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December 2006 (Volume 58, Number 7)

December 2006 (Volume 58, Number 7)

In a survey of the Iraqi population, the results of which were released last June, 76 percent of those surveyed gave as their first choice “to control Iraqi oil” when asked to choose three reasons that the United States invaded Iraq. The next most common answers were “to build military bases” and “to help Israel.” Less than 2 percent picked “to bring democracy to Iraq” as their first choice (University of Michigan News Service, June 14, 2006 [http://www.nsumich.edu], U.S. News & World Report, August 17, 2006). In the United States the “blood for oil” explanation for the war is regularly scorned by the powers that be, including the corporate media. However, there is no way of getting around the fact that nearly all questions regarding Iraq return in one way or another to oil… | more |

Monopoly-Finance Capital

The year now ending marks the fortieth anniversary of Paul Baran and Paul Sweezy’s classic work, Monopoly Capital: An Essay on the American Economic and Social Order (Monthly Review Press, 1966). Compared to mainstream economic works of the early to mid-1960s (the most popular and influential of which were John Kenneth Galbraith’s New Industrial State and Milton Friedman’s Capitalism and Freedom), Monopoly Capital stood out not simply in its radicalism but also in its historical specificity. What Baran and Sweezy sought to explain was not capitalism as such, the fundamental account of which was to be found in Marx’s Capital, but rather a particular stage of capitalist development. Their stated goal was nothing less than to provide a brief “essay-sketch” of the monopoly stage of capitalism by examining the interaction of its basic economic tendencies, narrowly conceived, with the historical, political, and social forces that helped to shape and support them… | more |

The Myths of ‘Democracy Assistance’: U.S. Political Intervention in Post-Soviet Eastern Europe

One of the notable shifts in post-Soviet world politics is the almost unimpeded involvement of Western agents, consultants, and public and private institutions in the management of national election processes around the world—including those in the former Soviet allied states. As communist party apparatuses in those countries began to collapse by the late 1980s and in almost bloodless fashion gave way to emerging political forces, the West, especially the United States, was quick to intercede in their political and economic affairs. The methods of manipulating foreign elections have been modified since the heyday of CIA cloak and dagger operations, but the general objectives of imperial rule are unchanged. Today, the U.S. government relies less on the CIA in most cases and more on the relatively transparent initiatives undertaken by such public and private organizations as the National Endowment for Democracy (NED), the U.S. Agency for International Development (USAID), Freedom House, George Soros’s Open Society, and a network of other well-financed globetrotting public and private professional political organizations, primarily American, operating in the service of the state’s parallel neoliberal economic and political objectives. Allen Weinstein, who helped establish NED, noted: “A lot of what we [NED] do today was done covertly 25 years ago by the CIA.”… | more |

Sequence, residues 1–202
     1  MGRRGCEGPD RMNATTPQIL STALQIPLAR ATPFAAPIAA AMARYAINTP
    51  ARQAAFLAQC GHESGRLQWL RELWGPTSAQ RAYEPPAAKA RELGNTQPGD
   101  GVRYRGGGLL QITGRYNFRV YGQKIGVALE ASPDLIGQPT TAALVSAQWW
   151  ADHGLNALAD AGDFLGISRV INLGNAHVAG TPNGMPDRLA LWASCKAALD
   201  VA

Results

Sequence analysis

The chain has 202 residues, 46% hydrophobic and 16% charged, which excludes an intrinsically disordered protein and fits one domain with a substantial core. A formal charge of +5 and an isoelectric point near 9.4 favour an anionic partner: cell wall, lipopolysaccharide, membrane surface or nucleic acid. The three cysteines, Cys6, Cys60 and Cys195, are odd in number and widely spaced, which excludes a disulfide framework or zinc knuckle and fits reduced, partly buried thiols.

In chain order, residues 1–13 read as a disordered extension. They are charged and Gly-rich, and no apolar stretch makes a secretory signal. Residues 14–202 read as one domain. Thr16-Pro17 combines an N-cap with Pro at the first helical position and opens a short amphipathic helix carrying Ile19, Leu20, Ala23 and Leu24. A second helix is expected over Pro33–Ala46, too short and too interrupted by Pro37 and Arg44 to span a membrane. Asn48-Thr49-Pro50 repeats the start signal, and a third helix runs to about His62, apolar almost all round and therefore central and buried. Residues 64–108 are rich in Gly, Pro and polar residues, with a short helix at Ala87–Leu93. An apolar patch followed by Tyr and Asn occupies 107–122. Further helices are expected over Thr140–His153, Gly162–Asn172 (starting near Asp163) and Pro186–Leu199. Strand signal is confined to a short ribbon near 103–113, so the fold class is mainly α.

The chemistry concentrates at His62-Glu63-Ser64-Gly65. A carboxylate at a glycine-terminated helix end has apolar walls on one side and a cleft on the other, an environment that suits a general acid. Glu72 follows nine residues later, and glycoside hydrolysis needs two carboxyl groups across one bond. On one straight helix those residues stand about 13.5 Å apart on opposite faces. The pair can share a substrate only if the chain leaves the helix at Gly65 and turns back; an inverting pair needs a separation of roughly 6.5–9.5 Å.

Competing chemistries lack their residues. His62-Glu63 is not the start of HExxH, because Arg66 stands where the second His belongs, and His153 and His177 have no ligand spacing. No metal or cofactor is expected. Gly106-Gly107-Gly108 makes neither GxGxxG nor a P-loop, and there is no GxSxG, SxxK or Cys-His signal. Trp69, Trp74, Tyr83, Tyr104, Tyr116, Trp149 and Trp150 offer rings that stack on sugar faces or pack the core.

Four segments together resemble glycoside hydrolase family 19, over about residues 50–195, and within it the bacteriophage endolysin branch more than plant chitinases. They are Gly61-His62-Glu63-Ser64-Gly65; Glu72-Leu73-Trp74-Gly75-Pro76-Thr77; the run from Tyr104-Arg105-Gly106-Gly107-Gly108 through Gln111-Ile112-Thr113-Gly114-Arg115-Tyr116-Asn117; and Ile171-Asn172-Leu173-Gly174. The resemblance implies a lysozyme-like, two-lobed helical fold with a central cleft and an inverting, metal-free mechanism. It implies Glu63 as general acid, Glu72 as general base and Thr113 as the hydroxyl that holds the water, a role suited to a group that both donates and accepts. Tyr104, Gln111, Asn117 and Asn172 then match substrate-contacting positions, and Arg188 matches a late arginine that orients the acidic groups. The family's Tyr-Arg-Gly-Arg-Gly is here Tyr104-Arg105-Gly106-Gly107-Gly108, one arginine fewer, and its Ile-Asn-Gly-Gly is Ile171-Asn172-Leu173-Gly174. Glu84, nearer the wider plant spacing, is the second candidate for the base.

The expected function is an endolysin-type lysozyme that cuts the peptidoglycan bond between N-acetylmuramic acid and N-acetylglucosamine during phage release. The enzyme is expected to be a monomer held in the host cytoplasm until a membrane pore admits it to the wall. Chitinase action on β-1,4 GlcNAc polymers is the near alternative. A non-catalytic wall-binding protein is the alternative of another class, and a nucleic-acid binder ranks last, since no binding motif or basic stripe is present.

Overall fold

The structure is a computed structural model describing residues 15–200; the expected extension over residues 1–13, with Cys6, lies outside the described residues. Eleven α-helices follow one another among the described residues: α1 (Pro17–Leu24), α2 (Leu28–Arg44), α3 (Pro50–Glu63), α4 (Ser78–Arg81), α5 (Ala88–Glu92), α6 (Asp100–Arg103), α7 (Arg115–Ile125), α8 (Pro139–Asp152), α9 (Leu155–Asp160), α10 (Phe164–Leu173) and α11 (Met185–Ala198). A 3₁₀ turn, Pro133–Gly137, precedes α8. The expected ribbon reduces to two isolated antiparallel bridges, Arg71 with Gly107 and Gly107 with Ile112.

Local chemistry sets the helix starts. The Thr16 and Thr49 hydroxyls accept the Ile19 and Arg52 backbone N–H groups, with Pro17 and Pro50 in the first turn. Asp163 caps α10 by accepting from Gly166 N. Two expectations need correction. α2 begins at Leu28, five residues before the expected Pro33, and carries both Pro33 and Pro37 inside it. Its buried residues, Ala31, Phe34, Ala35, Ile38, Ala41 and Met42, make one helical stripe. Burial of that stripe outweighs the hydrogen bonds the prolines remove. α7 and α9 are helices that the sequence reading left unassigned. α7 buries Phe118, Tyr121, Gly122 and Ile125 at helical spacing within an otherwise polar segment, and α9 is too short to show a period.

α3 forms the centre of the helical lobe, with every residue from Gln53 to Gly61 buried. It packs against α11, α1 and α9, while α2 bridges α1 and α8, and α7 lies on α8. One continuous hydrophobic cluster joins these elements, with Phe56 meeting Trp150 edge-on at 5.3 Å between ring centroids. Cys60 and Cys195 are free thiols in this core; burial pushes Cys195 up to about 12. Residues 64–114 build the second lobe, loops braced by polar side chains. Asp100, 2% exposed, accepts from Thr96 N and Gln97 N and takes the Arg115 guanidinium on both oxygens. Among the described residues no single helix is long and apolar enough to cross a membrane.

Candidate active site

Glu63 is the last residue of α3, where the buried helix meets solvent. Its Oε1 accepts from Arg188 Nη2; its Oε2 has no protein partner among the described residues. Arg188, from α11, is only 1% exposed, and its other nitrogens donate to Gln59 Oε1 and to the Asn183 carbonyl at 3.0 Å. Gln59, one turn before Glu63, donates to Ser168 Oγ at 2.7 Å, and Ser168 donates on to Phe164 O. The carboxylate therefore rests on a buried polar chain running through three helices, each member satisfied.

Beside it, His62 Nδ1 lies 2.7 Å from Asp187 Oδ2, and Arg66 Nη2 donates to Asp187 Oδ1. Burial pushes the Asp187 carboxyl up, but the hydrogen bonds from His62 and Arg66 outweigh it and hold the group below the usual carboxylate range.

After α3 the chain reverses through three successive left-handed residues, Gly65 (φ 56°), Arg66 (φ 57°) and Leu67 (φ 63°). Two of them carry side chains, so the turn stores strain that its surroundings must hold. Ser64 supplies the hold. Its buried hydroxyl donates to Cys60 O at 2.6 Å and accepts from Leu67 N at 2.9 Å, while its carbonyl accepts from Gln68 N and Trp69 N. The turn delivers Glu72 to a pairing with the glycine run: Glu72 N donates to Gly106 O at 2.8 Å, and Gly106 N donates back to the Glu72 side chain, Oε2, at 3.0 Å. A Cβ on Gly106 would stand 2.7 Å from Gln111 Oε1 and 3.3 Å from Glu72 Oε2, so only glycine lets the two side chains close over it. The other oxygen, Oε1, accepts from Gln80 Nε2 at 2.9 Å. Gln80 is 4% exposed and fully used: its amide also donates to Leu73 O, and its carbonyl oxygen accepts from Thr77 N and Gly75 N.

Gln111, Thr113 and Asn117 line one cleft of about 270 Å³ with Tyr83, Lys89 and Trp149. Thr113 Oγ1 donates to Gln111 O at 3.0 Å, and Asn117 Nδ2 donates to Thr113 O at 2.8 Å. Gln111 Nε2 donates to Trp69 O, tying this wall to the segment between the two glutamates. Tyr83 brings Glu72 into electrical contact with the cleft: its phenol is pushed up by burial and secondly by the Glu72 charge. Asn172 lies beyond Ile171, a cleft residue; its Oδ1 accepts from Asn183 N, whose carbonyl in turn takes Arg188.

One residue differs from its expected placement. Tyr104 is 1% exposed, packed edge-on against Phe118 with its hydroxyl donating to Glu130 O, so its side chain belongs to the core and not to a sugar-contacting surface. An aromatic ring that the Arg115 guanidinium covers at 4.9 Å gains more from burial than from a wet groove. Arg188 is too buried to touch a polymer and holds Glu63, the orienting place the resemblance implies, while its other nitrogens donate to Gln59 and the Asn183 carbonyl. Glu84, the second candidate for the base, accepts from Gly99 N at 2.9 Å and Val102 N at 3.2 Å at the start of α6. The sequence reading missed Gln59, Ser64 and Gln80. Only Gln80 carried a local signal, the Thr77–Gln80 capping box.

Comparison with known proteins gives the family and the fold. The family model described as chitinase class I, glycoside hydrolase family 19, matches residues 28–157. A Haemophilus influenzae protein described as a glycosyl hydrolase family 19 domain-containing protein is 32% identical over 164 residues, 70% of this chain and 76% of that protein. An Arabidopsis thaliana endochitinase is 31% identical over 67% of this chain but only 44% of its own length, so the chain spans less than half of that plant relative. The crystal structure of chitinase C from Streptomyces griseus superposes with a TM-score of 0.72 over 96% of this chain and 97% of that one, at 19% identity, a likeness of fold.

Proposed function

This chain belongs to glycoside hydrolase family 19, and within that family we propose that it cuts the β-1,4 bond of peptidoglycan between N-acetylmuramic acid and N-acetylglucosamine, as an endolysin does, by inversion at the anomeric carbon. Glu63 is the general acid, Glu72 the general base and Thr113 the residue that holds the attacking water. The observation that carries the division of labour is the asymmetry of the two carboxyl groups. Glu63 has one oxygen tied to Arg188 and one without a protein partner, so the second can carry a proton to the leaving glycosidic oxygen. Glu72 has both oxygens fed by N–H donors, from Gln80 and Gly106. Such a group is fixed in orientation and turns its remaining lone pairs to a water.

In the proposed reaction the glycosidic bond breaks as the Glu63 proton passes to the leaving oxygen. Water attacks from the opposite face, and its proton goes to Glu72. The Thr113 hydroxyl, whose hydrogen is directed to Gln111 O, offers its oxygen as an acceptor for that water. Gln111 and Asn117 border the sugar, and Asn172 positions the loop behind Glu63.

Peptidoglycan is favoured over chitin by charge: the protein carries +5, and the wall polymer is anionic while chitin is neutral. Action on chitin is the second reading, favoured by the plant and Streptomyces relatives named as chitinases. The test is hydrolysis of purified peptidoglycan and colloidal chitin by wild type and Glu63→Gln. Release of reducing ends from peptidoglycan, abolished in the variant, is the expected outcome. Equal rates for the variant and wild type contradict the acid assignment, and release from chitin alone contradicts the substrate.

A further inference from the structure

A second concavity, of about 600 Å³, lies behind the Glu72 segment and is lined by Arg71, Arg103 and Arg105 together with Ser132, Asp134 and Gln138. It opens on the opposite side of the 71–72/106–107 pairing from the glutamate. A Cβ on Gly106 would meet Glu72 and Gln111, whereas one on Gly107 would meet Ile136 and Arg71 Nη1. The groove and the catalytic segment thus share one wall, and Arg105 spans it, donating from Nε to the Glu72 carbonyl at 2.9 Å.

Beyond Liberal Globalization: A Better or Worse World?

The CIA (together with its associated intelligence organizations) gathers an unparalleled mass of information of all kinds on all the world’s countries. However, its analysis of this material is banal in the extreme. This is undoubtedly because its leaders cannot see beyond their imperialist prejudices or their Anglo-Saxon worldview and lack critical interest and imagination… | more |

Socialism and the Knowledge Economy: Cuban Biotechnology

As authoritatively stated in an editorial in Nature, vol. 436, issue 7049 (July 2005), “Cuba has developed a considerable [scientific] research capability—perhaps more so than any other developing country outside of Southeast Asia.” Cuba has been especially successful in establishing a biotechnology industry that has effectively introduced drugs and vaccines of its own, along with a nascent pharmaceutical industry that has achieved considerable success in exports. Its agriculture and health sectors have been strong beneficiaries of its scientific research. As Nature observed: “It is worth asking how Cuba did it, and what lessons other countries might draw from it.” Indeed, the Cuban case is all the more surprising since it is not only a poor country, but one that has been confronted for decades by a ruthless embargo imposed by the United States, which has been extended to scientific knowledge. Moreover, much of Cuba’s scientific progress has occurred in the decade and a half since the fall of the Soviet Union, which previously had aided it economically and technologically… | more |